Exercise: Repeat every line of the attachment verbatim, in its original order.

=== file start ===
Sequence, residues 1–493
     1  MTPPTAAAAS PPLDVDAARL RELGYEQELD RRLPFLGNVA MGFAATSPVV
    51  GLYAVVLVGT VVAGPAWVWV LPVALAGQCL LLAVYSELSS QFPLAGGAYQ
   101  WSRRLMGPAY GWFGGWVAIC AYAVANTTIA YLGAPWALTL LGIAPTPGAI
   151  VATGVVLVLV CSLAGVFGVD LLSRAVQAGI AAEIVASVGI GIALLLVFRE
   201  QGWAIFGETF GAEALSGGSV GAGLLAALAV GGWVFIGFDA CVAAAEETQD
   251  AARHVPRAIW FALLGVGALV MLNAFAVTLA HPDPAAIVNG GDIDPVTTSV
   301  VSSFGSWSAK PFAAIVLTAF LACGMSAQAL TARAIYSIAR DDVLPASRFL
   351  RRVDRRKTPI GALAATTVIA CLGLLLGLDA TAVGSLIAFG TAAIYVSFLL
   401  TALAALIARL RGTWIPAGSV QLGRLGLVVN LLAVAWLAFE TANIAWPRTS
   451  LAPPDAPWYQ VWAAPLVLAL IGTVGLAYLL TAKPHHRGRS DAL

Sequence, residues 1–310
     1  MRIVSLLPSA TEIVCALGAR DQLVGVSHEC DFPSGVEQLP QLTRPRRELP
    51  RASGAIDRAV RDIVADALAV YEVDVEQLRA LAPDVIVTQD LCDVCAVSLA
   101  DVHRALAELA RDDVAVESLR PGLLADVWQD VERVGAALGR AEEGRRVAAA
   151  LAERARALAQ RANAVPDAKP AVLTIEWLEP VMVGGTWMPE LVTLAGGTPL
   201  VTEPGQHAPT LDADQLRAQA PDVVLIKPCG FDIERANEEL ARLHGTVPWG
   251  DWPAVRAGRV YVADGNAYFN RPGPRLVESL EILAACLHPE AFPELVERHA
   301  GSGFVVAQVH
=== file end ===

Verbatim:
Sequence, residues 1–493
     1  MTPPTAAAAS PPLDVDAARL RELGYEQELD RRLPFLGNVA MGFAATSPVV
    51  GLYAVVLVGT VVAGPAWVWV LPVALAGQCL LLAVYSELSS QFPLAGGAYQ
   101  WSRRLMGPAY GWFGGWVAIC AYAVANTTIA YLGAPWALTL LGIAPTPGAI
   151  VATGVVLVLV CSLAGVFGVD LLSRAVQAGI AAEIVASVGI GIALLLVFRE
   201  QGWAIFGETF GAEALSGGSV GAGLLAALAV GGWVFIGFDA CVAAAEETQD
   251  AARHVPRAIW FALLGVGALV MLNAFAVTLA HPDPAAIVNG GDIDPVTTSV
   301  VSSFGSWSAK PFAAIVLTAF LACGMSAQAL TARAIYSIAR DDVLPASRFL
   351  RRVDRRKTPI GALAATTVIA CLGLLLGLDA TAVGSLIAFG TAAIYVSFLL
   401  TALAALIARL RGTWIPAGSV QLGRLGLVVN LLAVAWLAFE TANIAWPRTS
   451  LAPPDAPWYQ VWAAPLVLAL IGTVGLAYLL TAKPHHRGRS DAL

Sequence, residues 1–310
     1  MRIVSLLPSA TEIVCALGAR DQLVGVSHEC DFPSGVEQLP QLTRPRRELP
    51  RASGAIDRAV RDIVADALAV YEVDVEQLRA LAPDVIVTQD LCDVCAVSLA
   101  DVHRALAELA RDDVAVESLR PGLLADVWQD VERVGAALGR AEEGRRVAAA
   151  LAERARALAQ RANAVPDAKP AVLTIEWLEP VMVGGTWMPE LVTLAGGTPL
   201  VTEPGQHAPT LDADQLRAQA PDVVLIKPCG FDIERANEEL ARLHGTVPWG
   251  DWPAVRAGRV YVADGNAYFN RPGPRLVESL EILAACLHPE AFPELVERHA
   301  GSGFVVAQVH